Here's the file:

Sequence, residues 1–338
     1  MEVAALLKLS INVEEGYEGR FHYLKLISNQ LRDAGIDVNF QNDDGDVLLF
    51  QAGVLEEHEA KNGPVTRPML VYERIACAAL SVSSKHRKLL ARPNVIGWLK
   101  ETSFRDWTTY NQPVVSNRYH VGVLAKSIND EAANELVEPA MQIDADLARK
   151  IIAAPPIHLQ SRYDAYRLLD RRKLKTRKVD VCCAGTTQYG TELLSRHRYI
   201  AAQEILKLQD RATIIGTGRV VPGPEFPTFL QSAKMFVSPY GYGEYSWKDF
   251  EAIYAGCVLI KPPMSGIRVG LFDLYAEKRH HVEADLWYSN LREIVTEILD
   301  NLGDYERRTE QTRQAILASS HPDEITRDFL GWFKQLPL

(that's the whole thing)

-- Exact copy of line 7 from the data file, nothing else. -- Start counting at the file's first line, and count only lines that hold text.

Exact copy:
   251  EAIYAGCVLI KPPMSGIRVG LFDLYAEKRH HVEADLWYSN LREIVTEILD